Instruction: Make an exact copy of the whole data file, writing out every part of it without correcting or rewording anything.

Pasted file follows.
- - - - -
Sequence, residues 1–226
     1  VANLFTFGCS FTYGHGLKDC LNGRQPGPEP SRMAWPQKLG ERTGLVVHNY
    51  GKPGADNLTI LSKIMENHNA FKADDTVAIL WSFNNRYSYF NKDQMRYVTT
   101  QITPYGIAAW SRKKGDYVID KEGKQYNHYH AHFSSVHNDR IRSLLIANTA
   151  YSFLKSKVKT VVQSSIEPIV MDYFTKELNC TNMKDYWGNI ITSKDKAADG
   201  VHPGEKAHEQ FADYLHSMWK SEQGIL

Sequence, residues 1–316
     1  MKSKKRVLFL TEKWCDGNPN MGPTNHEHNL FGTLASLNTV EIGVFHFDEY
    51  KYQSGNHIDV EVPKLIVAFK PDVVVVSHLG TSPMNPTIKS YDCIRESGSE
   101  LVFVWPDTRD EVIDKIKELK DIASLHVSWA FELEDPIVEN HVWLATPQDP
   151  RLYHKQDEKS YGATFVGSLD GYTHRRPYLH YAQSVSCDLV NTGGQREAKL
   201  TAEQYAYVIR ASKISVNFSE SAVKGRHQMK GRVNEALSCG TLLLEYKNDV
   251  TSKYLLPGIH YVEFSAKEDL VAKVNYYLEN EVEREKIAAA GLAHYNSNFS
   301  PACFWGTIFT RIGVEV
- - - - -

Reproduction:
Sequence, residues 1–226
     1  VANLFTFGCS FTYGHGLKDC LNGRQPGPEP SRMAWPQKLG ERTGLVVHNY
    51  GKPGADNLTI LSKIMENHNA FKADDTVAIL WSFNNRYSYF NKDQMRYVTT
   101  QITPYGIAAW SRKKGDYVID KEGKQYNHYH AHFSSVHNDR IRSLLIANTA
   151  YSFLKSKVKT VVQSSIEPIV MDYFTKELNC TNMKDYWGNI ITSKDKAADG
   201  VHPGEKAHEQ FADYLHSMWK SEQGIL

Sequence, residues 1–316
     1  MKSKKRVLFL TEKWCDGNPN MGPTNHEHNL FGTLASLNTV EIGVFHFDEY
    51  KYQSGNHIDV EVPKLIVAFK PDVVVVSHLG TSPMNPTIKS YDCIRESGSE
   101  LVFVWPDTRD EVIDKIKELK DIASLHVSWA FELEDPIVEN HVWLATPQDP
   151  RLYHKQDEKS YGATFVGSLD GYTHRRPYLH YAQSVSCDLV NTGGQREAKL
   201  TAEQYAYVIR ASKISVNFSE SAVKGRHQMK GRVNEALSCG TLLLEYKNDV
   251  TSKYLLPGIH YVEFSAKEDL VAKVNYYLEN EVEREKIAAA GLAHYNSNFS
   301  PACFWGTIFT RIGVEV